The Free Application for Federal Student Aid (FAFSA) is the first step in the college financial aid process. It must be completed every year by students seeking financial aid. Financial aid includes grants, scholarships, work-study programs and student loans. The application is free to complete. Don’t let anyone scam you and offer to complete it for a fee. Click here to access a series of short videos explaining financial aid and completing the FAFSA.
Most financial aid is based on financial need. Financial need is the difference between the college’s cost of attendance and your Expected Family Contribution (EFC). The cost of attendance is determined by the school and includes tuition and fees, books, supplies, room and board, personal expenses and transportation.
The EFC is calculated from the information you put on the FAFSA. It is affected by dependency status, household size, income, assets and the number of household members enrolled in college or trade schools.
Cost of attending school – Expected Family Contribution = Financial need
Some people mistakenly believe they won’t qualify for financial aid because they make too much money or have too many assets. Almost every student qualifies for an unsubsidized Federal Direct Student Loan, so it is important to complete the FAFSA. Even if a student loan isn’t necessary, it’s a good idea to complete the application because it will identify any grants or scholarships available to you.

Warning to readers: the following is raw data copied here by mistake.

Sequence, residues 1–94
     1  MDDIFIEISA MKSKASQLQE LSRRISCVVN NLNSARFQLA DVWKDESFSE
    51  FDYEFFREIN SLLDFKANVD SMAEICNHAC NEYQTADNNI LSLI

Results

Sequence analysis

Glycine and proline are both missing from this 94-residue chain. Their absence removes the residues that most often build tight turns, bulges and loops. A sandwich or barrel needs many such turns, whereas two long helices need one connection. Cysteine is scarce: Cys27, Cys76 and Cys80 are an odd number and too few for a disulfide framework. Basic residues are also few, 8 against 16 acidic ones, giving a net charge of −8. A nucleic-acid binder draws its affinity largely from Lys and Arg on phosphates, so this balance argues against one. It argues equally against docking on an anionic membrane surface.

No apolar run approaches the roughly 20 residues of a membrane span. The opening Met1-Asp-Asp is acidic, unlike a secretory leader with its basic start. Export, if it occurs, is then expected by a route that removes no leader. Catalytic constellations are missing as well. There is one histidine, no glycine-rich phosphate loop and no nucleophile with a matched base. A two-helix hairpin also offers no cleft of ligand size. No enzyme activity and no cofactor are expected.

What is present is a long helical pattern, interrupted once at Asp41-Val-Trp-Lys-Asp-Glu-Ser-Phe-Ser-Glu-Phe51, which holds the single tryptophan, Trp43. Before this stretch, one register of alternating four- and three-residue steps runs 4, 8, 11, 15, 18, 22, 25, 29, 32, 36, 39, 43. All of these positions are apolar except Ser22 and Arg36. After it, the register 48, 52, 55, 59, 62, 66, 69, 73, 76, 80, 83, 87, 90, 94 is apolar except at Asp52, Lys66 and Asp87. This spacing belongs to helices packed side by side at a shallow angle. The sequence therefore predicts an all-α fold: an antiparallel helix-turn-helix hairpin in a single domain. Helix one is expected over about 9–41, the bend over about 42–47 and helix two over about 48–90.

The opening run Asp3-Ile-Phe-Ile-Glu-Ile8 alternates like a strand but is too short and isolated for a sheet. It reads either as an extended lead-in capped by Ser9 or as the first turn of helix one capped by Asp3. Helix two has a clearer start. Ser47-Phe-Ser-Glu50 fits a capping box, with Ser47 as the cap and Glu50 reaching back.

Completing the FAFSA
This process has been greatly simplified. If you have the following information at your fingertips, it takes most people about an hour to complete.
- Federal Student Aid ID (FSA ID) for both the parent and the student. You apply for this online at fsaid.ed.gov.
- Student’s Social Security number and date of birth
- 2017 federal tax return of the parent, and if applicable, the student
- 2017 untaxed income records which include veteran’s non-education benefit records, child support received and workers’ compensation
- Assets which include the balance of cash, savings and investments
- Alien registration or permanent resident card if not a U.S. citizen
Need more assistance to complete the FAFSA?
Bank of North Dakota has created a series of videos to answer common questions on the FAFSA about items like what you need to get started, how to report assets and how to handle applying if a student is from a separated or divorced family. The Federal Student Aid website where you complete the FAFSA also provides the ability to request help with specific questions.
If you will attend college between July 1, 2020, and June 30, 2021, you can submit the FAFSA as early as October 1, 2019. File as soon as possible because some financial aid is awarded on a first-come, first-served basis.
The process after you complete the FAFSA
When you complete the FAFSA, you’ll need to list schools you’re interested in attending. Your FAFSA application is sent to those schools, and the ones that you’ve applied to and been accepted to will send you financial aid offer letters stating how much you can receive in financial aid. In addition to grants, scholarships and work-study programs you may qualify for, the letter will provide information on the type and amount of federal student loans you can receive. If you still need additional funds to attend college, visit Bank of North Dakota’s website to learn about its student loan program.
When you decide which college to attend, call the admissions office to let them know to expect you and follow the instructions that came with the offer letter of financial aid to accept the financial aid package. You also need to inform the other colleges on your list that you won’t be attending them.
You may receive a letter from the school asking you to verify the FAFSA information. You may receive this because there is conflicting information, missing information or it may be a random selection. Regardless, it is critical that you return the paperwork required in a timely manner.